City of Lennox (SD) recognized for water quality infrastructure (SD)
Recovery Act funds investments in new sequencing batch reactor treatment system
(Denver, Colo. – July 11, 2011) The U.S. Environmental Protection Agency today presented an award to the City of Lennox, SD, for its new treatment works facility. Brian Friel, coordinator of EPA’s state revolving fund program in Denver, presented Mayor Orville Wiebers a Clean Water State Revolving Fund (CWSRF) award for its new treatment facility project.
In 2010, the City of Lennox received two loans with a sum of $2,796,000 from the South Dakota Department of Environment and Natural Resources to build a new treatment works to enable the City to maintain compliance with the Clean Water Act. A portion of each loan was funded by the American Recovery and Reinvestment Act and was subsidized through some principal forgiveness.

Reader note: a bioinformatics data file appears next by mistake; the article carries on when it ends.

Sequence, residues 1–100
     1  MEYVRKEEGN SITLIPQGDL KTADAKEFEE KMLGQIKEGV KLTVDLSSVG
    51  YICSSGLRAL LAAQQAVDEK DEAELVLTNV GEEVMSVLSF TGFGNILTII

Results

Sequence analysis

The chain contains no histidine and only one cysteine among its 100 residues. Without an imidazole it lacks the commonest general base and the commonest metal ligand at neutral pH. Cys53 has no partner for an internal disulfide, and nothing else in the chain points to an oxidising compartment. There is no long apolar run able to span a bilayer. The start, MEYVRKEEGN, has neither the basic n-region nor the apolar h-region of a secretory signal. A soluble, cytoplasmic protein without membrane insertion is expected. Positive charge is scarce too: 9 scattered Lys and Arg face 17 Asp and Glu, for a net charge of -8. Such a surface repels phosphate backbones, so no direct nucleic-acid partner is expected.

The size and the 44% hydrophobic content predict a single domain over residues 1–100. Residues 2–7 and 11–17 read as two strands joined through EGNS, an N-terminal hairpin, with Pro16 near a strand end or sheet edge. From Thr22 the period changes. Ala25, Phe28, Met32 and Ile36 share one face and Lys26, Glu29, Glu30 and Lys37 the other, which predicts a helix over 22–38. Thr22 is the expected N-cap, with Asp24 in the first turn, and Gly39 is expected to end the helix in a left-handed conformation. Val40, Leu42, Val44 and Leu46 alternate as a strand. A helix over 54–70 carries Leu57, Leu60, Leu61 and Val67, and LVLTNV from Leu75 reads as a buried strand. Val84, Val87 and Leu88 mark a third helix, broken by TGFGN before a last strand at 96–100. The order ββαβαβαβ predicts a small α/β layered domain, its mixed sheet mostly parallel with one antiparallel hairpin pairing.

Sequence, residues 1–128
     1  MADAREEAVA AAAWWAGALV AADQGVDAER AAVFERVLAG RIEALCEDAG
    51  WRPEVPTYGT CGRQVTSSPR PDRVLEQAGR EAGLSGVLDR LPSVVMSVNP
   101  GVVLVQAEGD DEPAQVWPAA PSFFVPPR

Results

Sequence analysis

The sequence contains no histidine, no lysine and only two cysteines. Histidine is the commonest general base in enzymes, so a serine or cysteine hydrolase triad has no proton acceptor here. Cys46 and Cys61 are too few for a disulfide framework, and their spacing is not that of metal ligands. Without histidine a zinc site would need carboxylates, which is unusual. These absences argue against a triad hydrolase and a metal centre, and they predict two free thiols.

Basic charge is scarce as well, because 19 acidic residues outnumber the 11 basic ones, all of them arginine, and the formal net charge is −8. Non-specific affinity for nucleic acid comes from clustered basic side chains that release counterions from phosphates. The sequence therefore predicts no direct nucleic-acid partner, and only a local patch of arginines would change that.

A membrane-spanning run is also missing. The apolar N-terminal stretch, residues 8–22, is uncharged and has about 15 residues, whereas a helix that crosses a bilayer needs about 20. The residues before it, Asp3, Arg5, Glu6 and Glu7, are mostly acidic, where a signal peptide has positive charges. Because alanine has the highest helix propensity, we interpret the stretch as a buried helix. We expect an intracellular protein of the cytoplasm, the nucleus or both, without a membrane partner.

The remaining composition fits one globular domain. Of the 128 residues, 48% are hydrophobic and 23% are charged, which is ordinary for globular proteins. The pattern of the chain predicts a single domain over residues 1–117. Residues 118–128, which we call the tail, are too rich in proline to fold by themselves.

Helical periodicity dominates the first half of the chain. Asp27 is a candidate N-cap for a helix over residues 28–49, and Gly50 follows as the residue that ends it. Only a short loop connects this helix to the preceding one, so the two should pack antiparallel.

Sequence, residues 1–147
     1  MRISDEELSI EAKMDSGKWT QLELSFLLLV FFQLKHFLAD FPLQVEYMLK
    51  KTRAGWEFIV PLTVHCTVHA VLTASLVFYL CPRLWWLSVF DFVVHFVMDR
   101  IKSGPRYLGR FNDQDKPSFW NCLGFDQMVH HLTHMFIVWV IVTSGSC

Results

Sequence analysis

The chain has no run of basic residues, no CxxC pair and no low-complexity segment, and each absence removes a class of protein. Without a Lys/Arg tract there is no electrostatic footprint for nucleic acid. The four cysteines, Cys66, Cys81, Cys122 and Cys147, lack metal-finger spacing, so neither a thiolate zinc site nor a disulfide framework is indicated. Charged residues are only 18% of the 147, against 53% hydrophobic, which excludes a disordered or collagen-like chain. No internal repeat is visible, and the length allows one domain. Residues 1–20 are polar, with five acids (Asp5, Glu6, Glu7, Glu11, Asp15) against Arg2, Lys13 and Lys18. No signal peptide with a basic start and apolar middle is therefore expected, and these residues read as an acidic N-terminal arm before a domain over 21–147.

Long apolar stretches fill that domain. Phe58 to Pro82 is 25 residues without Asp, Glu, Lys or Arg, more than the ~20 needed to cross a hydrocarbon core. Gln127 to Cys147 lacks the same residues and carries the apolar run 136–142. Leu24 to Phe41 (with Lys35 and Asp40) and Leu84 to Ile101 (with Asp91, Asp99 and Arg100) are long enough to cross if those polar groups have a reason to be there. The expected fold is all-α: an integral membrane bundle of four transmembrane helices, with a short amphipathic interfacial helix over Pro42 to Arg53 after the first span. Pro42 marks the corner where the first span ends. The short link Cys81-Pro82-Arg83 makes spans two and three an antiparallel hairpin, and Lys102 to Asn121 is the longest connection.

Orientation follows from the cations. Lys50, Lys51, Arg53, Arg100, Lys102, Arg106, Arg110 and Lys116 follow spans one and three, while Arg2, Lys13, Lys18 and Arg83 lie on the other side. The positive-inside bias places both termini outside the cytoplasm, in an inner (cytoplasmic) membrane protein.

Water quality classifications for Long Creek were recently changed to provide better protections for human health and the environment. As a result, Lennox invested in the construction of a new sequencing batch reactor mechanical aeration system treatment facility, including ultraviolet disinfection of effluent prior to discharge.
“A $3 million project is a huge commitment for a community of less than 3,000, but it was made possible by more than $1.5 million in principal forgiveness and 30-year extended term financing”, said Brian Friel, “Finding an innovative funding package was key to moving this project forward. The City of Lennox and the state of South Dakota accomplished this critical task to realize a new advanced treatment works to help protect water quality in Long Creek while also keeping sanitary sewer rates affordable.”
With the passages of the Amendments to the Clean Water Act in 1987, the U.S. Congress made funds for water infrastructure improvements readily available. EPA’s state revolving fund program provides low-interest subsidized loans for water quality projects. The program also emphasizes providing funds to small and disadvantaged communities. Nationally, CWSRFs have funded over $84 billion in water quality projects.
For more information visit our Clean Water State Revolving Fund  website.